16 . Sen. Byron Patton “Pat” Harrison (D-MS) was a Congressman for 8 years before being elected to the Senate in 1918. In his book “The Development of the Social Security Act,” Edwin Witte gives Harrison credit for his “adroit” handling of the Social Security bill in the Senate Finance Committee. According to Witte, Title II would not have been approved by the Committee without Sen. Harrison’s help. Harrison went on to serve in the Senate for the rest of his life and was elected President pro tempore 6 months before his death in June 1941. (In other versions of the signing photo, Sen. Harrison can be more clearly seen wearing a white suit and tie and holding his trademark cigar.)
17. Sen. Joseph Guffey (D-PA) was 65 years old at the time the Social Security Act was passed, although he was only a first-term Senator. From Pennsylvania, he served two terms before being defeated in 1946. His vote on the Social Security bill was in doubt until the final roll call.
18. Senator Edward Costigan (D-CO), a member of the Finance Committee.
19. Rep. Samuel B. Hill (D-WA) was a member of the House Ways & Means Committee.
20. Rep. Fred Vinson (D-KY) was a member of the House Ways & Means Committee. He would go on to serve as Secretary of the Treasury and as Chief Justice of the Supreme Court.
21 . President Franklin D. Roosevelt.
NOTE: For more biographical information on any of the members of Congress see the U. S. Senate Biographical Directory of the United States Congress on the Senate website
Having original hardware in one’s historic home is the “icing on the cake” for me. Visually, it makes a huge difference, although buyers don’t always recognize why they’re so entranced with an older home, often the details are the difference!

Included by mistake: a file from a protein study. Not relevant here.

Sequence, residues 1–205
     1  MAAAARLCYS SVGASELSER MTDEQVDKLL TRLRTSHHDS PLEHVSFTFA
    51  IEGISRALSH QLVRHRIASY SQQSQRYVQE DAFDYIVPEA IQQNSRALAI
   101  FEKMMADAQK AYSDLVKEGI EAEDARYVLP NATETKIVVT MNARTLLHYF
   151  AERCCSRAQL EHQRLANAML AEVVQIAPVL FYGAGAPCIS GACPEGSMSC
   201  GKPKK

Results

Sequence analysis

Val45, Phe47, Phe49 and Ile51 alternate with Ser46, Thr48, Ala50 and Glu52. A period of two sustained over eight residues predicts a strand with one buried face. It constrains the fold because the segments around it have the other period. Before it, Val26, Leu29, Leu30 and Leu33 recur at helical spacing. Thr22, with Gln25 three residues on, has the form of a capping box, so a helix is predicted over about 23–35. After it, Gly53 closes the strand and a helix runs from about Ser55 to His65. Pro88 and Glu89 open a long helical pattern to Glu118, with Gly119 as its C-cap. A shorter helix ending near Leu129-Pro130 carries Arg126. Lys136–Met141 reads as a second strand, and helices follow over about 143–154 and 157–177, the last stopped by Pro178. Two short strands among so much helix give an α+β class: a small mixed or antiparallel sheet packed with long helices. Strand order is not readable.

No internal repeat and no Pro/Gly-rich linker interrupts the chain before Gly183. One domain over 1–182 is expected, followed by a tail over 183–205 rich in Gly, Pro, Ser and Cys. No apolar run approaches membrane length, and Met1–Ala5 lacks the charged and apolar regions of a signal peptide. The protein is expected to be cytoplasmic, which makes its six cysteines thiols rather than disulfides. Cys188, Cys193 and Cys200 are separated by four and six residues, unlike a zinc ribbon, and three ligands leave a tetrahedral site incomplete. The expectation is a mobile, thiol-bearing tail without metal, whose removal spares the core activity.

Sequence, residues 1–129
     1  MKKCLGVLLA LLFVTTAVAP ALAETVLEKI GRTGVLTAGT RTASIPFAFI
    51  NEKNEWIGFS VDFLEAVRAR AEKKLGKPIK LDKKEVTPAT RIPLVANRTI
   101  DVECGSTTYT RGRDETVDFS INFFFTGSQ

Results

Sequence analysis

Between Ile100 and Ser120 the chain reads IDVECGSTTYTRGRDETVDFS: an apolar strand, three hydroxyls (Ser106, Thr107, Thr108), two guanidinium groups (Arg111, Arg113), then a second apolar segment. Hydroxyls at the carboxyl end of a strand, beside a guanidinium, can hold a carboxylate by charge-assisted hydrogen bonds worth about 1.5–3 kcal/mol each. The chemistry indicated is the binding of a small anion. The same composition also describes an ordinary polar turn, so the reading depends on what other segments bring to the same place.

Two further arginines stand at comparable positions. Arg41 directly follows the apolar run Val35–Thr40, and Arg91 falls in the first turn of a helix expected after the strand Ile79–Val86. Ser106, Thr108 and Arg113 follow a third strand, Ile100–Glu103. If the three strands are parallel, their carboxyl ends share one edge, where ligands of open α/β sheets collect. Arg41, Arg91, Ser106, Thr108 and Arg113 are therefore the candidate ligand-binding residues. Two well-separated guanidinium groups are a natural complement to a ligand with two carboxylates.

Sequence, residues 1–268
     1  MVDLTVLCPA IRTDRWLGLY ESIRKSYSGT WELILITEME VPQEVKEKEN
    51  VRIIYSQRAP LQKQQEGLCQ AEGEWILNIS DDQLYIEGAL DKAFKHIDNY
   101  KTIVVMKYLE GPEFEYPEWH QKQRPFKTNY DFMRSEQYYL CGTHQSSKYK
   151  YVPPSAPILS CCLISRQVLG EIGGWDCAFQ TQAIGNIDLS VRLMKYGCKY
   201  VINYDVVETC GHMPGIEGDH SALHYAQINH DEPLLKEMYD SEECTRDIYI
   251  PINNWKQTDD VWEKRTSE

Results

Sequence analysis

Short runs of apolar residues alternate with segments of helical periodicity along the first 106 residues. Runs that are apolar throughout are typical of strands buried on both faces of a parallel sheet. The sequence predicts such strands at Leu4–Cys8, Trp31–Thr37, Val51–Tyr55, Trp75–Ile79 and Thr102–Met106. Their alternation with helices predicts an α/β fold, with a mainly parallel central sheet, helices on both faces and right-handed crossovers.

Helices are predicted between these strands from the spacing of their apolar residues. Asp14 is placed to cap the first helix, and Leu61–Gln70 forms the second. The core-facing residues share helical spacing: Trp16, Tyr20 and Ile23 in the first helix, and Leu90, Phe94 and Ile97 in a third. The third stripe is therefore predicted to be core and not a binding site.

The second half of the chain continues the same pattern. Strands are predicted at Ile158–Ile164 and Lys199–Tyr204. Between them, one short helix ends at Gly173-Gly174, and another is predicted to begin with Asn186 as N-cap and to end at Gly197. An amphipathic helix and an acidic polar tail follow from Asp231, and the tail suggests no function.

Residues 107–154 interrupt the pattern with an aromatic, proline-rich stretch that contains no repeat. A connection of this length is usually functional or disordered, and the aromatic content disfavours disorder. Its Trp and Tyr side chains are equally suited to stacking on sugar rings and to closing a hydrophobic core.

We’re fortunate to have all our original door knobs in our 1908 Foursquare. (With one exception- the back door)
Here’s an example of our front door hardware (on the inside of the air lock). Oily hands have kept the knob shiny while the decorative escutcheon is darker and more aged.
The outside of the front door is pictured to the right.
We recently replaced the 1960’s plain jane knob when we replaced the door. Rather than searching out a vintage knob, we found a basic rubbed bronze model at the building supply center. (There it is to the right.)
This month, Old House Journal provided information on vintage door knobs, hinges, and locks. (See the post here) They also provided a guide for stripping hardware that’s been painted over — basically boil in water (with dishwasher soap) and then use a cloth/brush to remove the softened paint.
Design Sponge offers another great article on cleaning your antique hardware- check out their post here: Cleaning Vintage Metal Hardware
I my research of antique hardware information, I came across a terrific article – The Magic of Antique Door Hardware, which includes great photographs of door knobs from the Victorian era to today.
These are examples of interior door knobs in our house.
Want to create our own reproduction hardware?
Check out this video on how to make your hardware look antique!
Chicago Sources for Antique Restoration Hardware:
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The renovated historic home at 3500 N Janssen is for sale again – this time it’s listed at $ 2,650,000. This Chicago historic property has been listed multiple times since May, 2012, and the quest to sell began at $ 2,950,000. As of 3 days ago, it was listed by a new real estate agent, Tim Salm, of Jameson Real Estate.